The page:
Many ways to offer your opinion, and we value them all
Newspaper readers are, as everyone knows, an opinionated bunch. They love to let off steam and are never slow to tell you what's on their mind.
The Belfast Telegraph's website hosts thousands of comments and for many people commenting online is their preferred way of making their views known both to the newspaper and the world in general. We still, of course, publish a traditional Letters to the Editor page, and research shows this is one of the most popular pages in the paper.
A few years back, to reflect the huge online conversation back to print-only readers, we began publishing a daily sample of comments on the Letters page.
Recently, the Telegraph introduced a section online called DebateNI, described as "a home to the ideas and the critiques, the disagreements and the brain-storming that is the foundation stone of any democracy".
We believe commenting on the articles to be a fundamental element of DebateNI and already there has been a healthy uptick in (mostly) intelligent comment levels.
One or two features of our commenting service have, however, been the subject of some criticism.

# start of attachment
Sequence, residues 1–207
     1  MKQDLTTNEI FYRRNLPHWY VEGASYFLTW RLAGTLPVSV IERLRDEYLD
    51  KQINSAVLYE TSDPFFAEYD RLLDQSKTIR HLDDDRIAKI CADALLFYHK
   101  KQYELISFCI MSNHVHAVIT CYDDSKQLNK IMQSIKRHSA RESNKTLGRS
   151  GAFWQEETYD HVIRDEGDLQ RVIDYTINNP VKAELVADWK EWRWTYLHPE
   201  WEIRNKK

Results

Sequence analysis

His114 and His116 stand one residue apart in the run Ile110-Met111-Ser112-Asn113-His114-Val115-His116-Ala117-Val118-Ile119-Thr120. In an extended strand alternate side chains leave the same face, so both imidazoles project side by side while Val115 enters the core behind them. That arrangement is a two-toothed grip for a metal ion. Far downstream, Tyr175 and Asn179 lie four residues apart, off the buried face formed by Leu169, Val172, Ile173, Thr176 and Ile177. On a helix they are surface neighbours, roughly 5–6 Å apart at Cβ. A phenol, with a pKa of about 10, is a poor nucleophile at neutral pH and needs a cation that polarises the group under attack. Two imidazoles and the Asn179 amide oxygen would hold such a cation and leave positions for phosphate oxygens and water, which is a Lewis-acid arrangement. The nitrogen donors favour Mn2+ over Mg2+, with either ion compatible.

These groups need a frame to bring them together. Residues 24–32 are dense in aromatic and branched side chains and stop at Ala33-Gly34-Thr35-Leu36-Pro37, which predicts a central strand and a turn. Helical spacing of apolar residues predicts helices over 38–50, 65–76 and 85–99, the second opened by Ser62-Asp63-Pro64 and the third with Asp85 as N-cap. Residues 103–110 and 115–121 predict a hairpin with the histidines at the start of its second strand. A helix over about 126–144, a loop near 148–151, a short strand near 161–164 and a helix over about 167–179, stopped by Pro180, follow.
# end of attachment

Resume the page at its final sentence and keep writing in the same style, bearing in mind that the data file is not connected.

First, I should explain that the commenting service, called Intense Debate, is a separate 'plug-in' to the main website. It is what's known in the jargon as a blog comment hosting service. This works by externally hosting comments posted by online readers of the Belfast Telegraph (and other websites).
Users need to register with the service, which then gives them a profile and a commenting record. Aliases are allowed when posting, and indeed, most people chose to use them. (This isn't just a Northern Ireland thing – it's common the world over.)
Two recurrent views about our commenting service centre on the 'nesting' of comments and the Like/Dislike button which counts votes using a simple 'thumbs up' or 'thumbs down' icon.
Some readers dislike the nesting, which groups replies between posters together, and suggest it encourages posters to point-score and squabble amongst themselves.
We believe the opposite – it neatly lets commenters diverge off into sub-streams which often are tangential to the original article, and allows the reader to scan down the main posts quickly. It keeps the comments 'tidy' in other words.
As for the voting button, we feel it is important to let people vote on comments without having to register or log in. It encourages participation and gives a flavour of public reaction to a comment. But it is entirely unscientific and no-one suggests otherwise.
At the end of the day, all interaction in any format, is welcome so please keep your comments, emails and letters coming!